By Chelsea Harvey April 5
Continuing to burn fossil fuels at the current rate could bring atmospheric carbon dioxide to its highest concentration in 50 million years, jumping from about 400 parts per million now to more than 900 parts per million by the end of this century, a new study warns.
And if greenhouse gas emissions continue unabated beyond that point, the climate could reach a warming state that hasn’t been seen in the past 420 million years.
Some research suggests that, if humans burned through all fossil fuels on Earth, atmospheric carbon dioxide concentrations could hit 5,000 parts per million by the year 2400.
The new study speaks to the power of human influence over the climate. It suggests that after millions of years of relative stability in the absence of human activity, just a few hundred years of anthropogenic greenhouse gas emissions are on track to cause unprecedented warming.
If anyone has any questions left about what Donald Trump's energy plans will do to the climate, just read his brand new website GreatAgain.gov for clarity.
"The Trump Administration will make America energy independent. Our energy policies will make full use of our domestic energy sources, including traditional and renewable energy sources. America will unleash an energy revolution that will transform us into a net energy exporter, leading to the creation of millions of new jobs, while protecting the country's most valuable resources—our clean air, clean water, and natural habitats. America is sitting on a treasure trove of untapped energy. In fact, America possesses more combined coal, oil, and natural gas resources than any other nation on Earth. These resources represent trillions of dollars in economic output and countless American jobs, particularly for the poorest Americans."
By Cathleen Kelly Posted on January 6, 2017, 9:51 am
The direct link between climate change threats and the duties of the secretary of state is strong. As droughts, floods, heat waves, and other symptoms of a warming world increase both in number and intensity—throughout the Middle East, Africa, Asia, the Arctic, Europe, and the United States—the next U.S. secretary of state will face urgent pressure to curb climate change and manage the effects of a warming planet that can no longer be avoided. Failure to do so will damage the global economy and destabilize an already wobbly security landscape, with potentially dire consequences for U.S. national security interests.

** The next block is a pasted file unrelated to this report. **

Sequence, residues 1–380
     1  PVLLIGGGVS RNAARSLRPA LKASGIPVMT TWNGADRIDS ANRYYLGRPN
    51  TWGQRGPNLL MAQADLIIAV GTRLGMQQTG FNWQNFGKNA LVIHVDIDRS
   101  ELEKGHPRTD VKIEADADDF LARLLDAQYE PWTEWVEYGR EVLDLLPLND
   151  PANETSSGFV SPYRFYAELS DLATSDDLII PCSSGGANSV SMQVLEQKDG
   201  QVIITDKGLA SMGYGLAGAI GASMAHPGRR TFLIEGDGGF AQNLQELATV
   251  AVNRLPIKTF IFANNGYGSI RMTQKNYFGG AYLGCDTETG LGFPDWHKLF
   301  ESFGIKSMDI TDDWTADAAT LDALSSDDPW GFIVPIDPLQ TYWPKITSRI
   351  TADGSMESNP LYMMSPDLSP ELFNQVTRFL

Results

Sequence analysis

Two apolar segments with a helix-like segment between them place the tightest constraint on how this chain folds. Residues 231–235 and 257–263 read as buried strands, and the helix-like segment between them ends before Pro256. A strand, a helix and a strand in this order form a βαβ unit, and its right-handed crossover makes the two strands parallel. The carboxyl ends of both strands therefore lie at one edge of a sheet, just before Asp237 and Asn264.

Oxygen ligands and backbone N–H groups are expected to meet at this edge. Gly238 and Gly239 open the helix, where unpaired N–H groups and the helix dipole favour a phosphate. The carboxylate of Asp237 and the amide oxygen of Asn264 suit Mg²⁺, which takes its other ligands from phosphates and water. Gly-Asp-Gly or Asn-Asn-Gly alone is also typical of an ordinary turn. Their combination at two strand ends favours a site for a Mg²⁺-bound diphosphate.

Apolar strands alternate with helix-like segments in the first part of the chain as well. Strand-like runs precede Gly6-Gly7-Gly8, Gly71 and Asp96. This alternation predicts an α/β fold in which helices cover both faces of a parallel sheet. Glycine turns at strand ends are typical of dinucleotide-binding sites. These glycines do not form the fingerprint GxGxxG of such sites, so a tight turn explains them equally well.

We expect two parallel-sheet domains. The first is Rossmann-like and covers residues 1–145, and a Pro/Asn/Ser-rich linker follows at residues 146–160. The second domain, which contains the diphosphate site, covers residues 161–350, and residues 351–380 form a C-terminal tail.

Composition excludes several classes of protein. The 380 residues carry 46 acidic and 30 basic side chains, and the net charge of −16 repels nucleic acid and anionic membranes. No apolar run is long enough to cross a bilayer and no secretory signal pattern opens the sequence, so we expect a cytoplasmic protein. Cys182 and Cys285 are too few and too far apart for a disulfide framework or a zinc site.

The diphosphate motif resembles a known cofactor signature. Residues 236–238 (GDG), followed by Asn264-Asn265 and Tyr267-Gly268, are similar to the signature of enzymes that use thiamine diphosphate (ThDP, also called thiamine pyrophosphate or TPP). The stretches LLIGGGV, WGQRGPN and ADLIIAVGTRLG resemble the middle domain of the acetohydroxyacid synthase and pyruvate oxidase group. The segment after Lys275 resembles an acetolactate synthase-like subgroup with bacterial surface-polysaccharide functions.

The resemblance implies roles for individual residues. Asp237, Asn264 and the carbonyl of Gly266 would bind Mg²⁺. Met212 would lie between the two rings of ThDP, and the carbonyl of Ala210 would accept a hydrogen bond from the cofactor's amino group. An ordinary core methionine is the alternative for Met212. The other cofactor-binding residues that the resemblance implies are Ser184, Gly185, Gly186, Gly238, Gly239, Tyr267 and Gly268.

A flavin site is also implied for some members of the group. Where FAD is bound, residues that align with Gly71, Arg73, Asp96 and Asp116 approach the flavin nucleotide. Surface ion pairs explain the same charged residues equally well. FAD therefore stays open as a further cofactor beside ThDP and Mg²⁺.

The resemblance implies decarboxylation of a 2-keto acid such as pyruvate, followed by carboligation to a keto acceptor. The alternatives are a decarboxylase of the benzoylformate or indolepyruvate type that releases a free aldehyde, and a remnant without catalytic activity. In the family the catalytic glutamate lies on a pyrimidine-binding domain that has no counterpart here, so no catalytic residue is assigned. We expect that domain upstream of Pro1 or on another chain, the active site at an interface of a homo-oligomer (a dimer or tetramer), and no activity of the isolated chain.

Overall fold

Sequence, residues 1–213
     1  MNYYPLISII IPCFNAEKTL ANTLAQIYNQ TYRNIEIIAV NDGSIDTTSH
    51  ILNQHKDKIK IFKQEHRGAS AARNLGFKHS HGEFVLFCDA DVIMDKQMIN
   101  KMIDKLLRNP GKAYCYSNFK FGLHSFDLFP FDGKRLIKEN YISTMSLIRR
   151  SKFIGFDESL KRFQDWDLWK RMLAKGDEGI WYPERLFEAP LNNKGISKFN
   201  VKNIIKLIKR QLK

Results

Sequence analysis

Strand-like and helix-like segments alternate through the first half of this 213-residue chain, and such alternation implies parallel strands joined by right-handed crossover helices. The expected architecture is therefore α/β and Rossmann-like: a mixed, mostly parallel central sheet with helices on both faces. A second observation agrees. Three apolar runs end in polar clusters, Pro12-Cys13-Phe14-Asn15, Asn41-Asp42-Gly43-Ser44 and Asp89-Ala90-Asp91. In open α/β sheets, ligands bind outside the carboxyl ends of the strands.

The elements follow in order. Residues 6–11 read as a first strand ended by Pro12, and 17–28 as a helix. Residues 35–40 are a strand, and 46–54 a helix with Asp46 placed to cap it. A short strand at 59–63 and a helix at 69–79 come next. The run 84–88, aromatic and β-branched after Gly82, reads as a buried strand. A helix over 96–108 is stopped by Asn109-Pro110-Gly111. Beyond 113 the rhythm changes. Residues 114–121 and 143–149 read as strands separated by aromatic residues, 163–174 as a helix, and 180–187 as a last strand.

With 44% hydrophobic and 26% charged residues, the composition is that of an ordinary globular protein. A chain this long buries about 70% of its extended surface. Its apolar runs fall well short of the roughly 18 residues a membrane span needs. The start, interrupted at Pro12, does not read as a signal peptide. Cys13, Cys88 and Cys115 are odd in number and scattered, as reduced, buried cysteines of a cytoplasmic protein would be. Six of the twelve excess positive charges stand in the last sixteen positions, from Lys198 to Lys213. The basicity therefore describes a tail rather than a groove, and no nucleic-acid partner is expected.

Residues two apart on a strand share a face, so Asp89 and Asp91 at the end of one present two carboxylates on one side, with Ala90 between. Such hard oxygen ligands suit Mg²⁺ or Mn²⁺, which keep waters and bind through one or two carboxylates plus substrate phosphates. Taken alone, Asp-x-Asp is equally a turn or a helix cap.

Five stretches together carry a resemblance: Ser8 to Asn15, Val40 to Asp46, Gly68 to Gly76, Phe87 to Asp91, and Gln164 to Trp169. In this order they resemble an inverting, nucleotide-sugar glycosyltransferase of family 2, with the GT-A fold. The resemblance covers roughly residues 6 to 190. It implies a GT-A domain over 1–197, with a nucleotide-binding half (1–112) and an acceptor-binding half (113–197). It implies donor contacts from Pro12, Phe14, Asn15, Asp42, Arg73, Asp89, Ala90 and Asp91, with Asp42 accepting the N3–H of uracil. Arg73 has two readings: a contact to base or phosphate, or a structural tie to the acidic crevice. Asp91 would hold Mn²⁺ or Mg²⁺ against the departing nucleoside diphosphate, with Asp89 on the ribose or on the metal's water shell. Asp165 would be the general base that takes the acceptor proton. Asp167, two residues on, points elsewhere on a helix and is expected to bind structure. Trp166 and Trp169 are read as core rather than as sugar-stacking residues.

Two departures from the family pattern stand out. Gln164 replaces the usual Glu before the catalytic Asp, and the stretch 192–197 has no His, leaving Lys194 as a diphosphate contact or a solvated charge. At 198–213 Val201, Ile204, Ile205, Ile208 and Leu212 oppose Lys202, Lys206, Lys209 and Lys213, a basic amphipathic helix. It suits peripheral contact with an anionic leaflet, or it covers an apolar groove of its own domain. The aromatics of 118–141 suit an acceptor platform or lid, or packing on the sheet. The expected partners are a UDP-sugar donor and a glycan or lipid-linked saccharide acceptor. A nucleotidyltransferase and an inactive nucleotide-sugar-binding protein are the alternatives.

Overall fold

The next U.S. secretary of state must, as Secretary John Kerry has, protect U.S. foreign policy and security interests and demonstrate a track record of personal and diplomatic credibility. President-elect Donald Trump’s nominee for the job, former* ExxonMobil CEO Rex Tillerson, does not meet those qualifications.
Back-to-back severe bleaching events have affected two-thirds of Australia’s Great Barrier Reef, new aerial surveys have found.
The findings have caused alarm among scientists, who say the proximity of the 2016 and 2017 bleaching events is unprecedented for the reef, and will give damaged coral little chance to recover.
Scientists with the Australian Research Council’s Centre of Excellence for CoralReef Studies last week completed aerial surveys of the world’s largest living structure, scoring bleaching at 800 individual coral reefs across 8,000km.
It’s simply deplorable: For the first time in more than 100 years, the federal government could steal fragile, sacred land from Native American tribes and hand it over to the fossil fuel industry.
Utah Republican Reps. Rob Bishop and Jason Chaffetz along with Sen. Mike Lee recently introduced a bill that would strip away protections for 100,000 acres of Ute tribal lands to allow for oil drilling and uranium mining. The bill would also prevent President Obama from designating 18 million acres of unprotected land at Bears Ears a national monument.
This legislation is a massive giveaway to the oil and mining industry and an attack on the indigenous people who have lived on this land for more than 11,000 years. We must act now to stop this bill in its tracks.
11th ANNUAL AREDAY SUMMIT, Aspen, CO August 2014
Featured President Jimmy Carter, Ted Turner, Dr. Sylvia Earle, Amory Lovins and more to promote the rapid deployment of renewable energy and energy efficiency strategies via demonstrations, presentations, performances, film screenings and dialogue.
Sally interviewing President Jimmy Carter
WECAN engages women grassroots activists, Indigenous and business leaders, scientists, policy makers, farmers, academics and culture-shapers in collaboration. Our goal is to stop the escalation of climate change and environmental and community degradation, while accelerating the implementation of sustainability solutions through women’s empowerment, partnerships, hands-on trainings, advocacy campaigns, and political, economic, social and environmental action.
SUCCESS SUMMIT IN BOULDER COLORADO 2014
Important Links to Check Out
AREI/AREDAY - American Renewable Energy Institute
A Matter of Degree - Climate Conversations with Sally Ranney
WECAN - Women's Earth & Climate Action Network, Int'l
IUCN - International Union for Conservation of Nature
CAI - Climate Accountability Institute
Lighthawk - Lighthawk Flies for Conservation
Laura Turner Seydel - Creating a Sustainable and Healthy Future for our Children
Sally's Music and Art
Love is Where You Are
Painting in the field in Argentina